Energetic Chabad rabbi nourishes Jewish Taipei

Jewish life in Taipei is undergoing a transformation, as Jewish life often does when Chabad envoys become part of the fabric of a community.

Chinese dragon 521 (photo credit: Lawrence Rifkin)
Chinese dragon 521
(photo credit: Lawrence Rifkin)
TAIPEI – Jewish life in Taipei is undergoing a transformation, as Jewish life often does when Chabad envoys become part of the fabric of a community.
Rabbi Shlomi Tabib (originally from Bat Yam) and his wife Racheli (originally from Kfar Chabad) arrived in Taipei in July 2011 with their twins Menachem Mendel and Chaya Mushka, now aged one-and-a-half.
In September Tabib excited a lot of attention by organizing a Torah scroll dedication ceremony.
Marching, singing and dancing, Jewish and non-Jewish merry-makers got into the global spirit of Torah dedications by swinging in and out of the bridal canopy with the scroll, which was the gift of Israeli businessman Avi Netanel. Since then, the Tabibs have made friends with most of the Jewish community of Taipei by organizing monthly Shabbat luncheons at the Taipei Jewish Center.
Tabib, 28, is careful not to call it Chabad House, because even though Chabad is known for its hospitality and its outreach, as well as for not being judgmental, Tabib is wary of appearing too religious in highly assimilated Taipei. In fact, aside from his family, there is only one other haredi (ultra- Orthodox) family there – Yael and Ohad Hirsch and their daughters Neria and Eden, who used to live in Taichung, but moved to Taipei following the Tabibs’ arrival.
In general, religious practice is far removed from the overwhelming majority of Taiwan Jews, especially because many of them, including Israelis, are married to Taiwanese women who have not converted to Judaism. The children of these unions are not halachically Jewish, but are counted as part of the Taipei Jewish community.
Tabib sees no purpose in alienating whole families because of a halachic difficulty. He would much rather hang on to the halachically Jewish member of the family by operating on an inclusive basis.
When Tabib initially inquired about the size of the Jewish population of Taipei, he was told that there were about 200, give or take. There are Israeli businessmen such as Uri Friedman, the CEO of Starlight Technologies, and also American Jewish businessmen who spend a considerable amount of time there.
For all that, it’s not a tight community.
Jews don’t mingle much with each other, Tabib said, which is one of the reasons noone knows how many Jews live in the island state. Tabib has already met some hundred Jews who have nothing to do with the Jewish community per se, but were somehow curious about him. He wouldn’t be surprised if he came across another hundred, he said.
Still, even with the Jewish tourists and business travelers who pass through, it’s somewhat daunting to be the spiritual mentor to such a small and isolated Jewish community.
Tabib is unfazed. This is not his first major challenge, or his first posting as a Chabad envoy. For three years prior to moving to Taiwan, he and his wife lived in Kowloon, where the Chabad House is a branch of Chabad of Hong Kong. The Tabibs were sent to Kowloon by Rabbi Mordechai Avtzon, who for more than quarter of a century has headed Chabad operations in Asia, covering eight countries.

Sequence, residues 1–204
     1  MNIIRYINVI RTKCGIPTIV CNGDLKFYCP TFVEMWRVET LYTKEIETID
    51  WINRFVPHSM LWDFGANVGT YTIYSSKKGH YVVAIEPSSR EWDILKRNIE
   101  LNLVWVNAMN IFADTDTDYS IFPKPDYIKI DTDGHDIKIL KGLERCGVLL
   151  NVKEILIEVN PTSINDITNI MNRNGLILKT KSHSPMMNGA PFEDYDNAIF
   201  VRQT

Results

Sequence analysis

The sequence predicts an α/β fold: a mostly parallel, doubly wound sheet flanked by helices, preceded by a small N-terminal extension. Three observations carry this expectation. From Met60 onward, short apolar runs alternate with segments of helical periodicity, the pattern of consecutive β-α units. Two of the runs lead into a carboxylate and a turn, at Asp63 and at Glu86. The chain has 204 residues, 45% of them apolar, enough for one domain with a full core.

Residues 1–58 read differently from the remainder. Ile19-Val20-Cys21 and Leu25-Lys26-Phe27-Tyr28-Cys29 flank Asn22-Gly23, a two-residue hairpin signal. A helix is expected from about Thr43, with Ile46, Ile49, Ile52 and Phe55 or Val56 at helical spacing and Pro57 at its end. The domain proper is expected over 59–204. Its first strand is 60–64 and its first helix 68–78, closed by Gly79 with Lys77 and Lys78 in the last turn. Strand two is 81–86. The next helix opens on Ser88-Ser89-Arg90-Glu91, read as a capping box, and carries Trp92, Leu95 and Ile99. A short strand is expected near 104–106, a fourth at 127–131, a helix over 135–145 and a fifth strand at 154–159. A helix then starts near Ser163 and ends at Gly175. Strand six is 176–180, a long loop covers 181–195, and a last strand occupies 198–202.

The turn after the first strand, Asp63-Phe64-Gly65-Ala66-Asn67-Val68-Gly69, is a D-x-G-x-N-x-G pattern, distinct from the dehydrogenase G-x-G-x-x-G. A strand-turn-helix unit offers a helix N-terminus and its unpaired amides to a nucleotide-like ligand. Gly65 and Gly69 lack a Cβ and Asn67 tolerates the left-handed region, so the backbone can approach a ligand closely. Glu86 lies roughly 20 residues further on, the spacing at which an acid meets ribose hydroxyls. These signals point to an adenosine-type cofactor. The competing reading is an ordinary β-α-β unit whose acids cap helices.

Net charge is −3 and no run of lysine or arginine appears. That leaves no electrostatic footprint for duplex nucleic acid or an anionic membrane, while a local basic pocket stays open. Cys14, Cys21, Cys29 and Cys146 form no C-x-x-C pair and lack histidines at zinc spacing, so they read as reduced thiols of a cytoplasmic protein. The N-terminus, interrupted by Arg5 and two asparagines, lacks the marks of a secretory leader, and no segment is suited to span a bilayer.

Avtzon and his wife Goldie are headquartered in Hong Kong. Despite his young age, Tabib had been engaged in Chabad outreach programs in Europe before ever setting foot in Hong Kong.
Kowloon is part of the administrative region of Hong Kong, and several years ago Avtzon realized the importance of setting up a Chabad House there. He sent the Tabibs to take charge in July 2007, two years after Chabad officially opened a branch there.
In the beginning the only people who sought out Chabad Kowloon were tourists and business people. Then Tabib, just as he has in Taiwan, found Jews coming out of the woodwork. There were not all that many locals, but certainly enough to generate a sense of community, and the Tabibs had quite a large turnout at their Sabbath table.
Unlike Kowloon, Taiwan actually had a rabbi before Tabib arrived on the scene.
Rabbi Ephraim Einhorn, now 93, had been the spiritual leader of Taiwan’s Jewish community for some 30 years prior to a Chabad presence on the island.
Although he was a beloved figure there were fears that a man of his age could not continue to lead prayer services and intercede with authorities for much longer. New, young blood was needed. Accordingly, some of the Taiwan Jews appealed to Avtzon and asked him to send a young couple. The Tabibs were a natural choice.
They had built something from virtually nothing in Kowloon, and Tabib is confident that he can do the same in Taiwan.
Besides, he said, in Hong Kong or Kowloon he was number two, and would always stay that way. In Taiwan, he’s number one.
He is the key supplier of kosher food in Taiwan. Before taking up the post, he learned how to slaughter chickens according to Jewish ritual, and because he is able to do this he can fulfill orders for poultry meals without having to worry that he will run short of supplies.
His wife is an excellent cook, and despite being in the ninth month of pregnancy prepared all the food for the community Hanukka celebrations, which were another form of outreach. The first of these was not at the Taipei Jewish Community Center, but in one of the public rooms of a prestigious hotel-style apartment complex in the northern part of Taipei.
Tabib had learned that there were several Jewish or partly Jewish families living in the area, and since they were unlikely to come to the party that he subsequently organized at the Taipei Jewish Community Center at the other end of town, quite close to the famed 101 Tower, the second tallest tower in the world, he decided to bring Hanukka to them.
He was able to make use of the facilities in the apartment complex because Ophir Gore, the director of Economic Affairs at the Israel Economic and Cultural Office in Taipei, is one of the residents. Several of Tabib’s TJCC regulars showed up to give him moral and monetary support.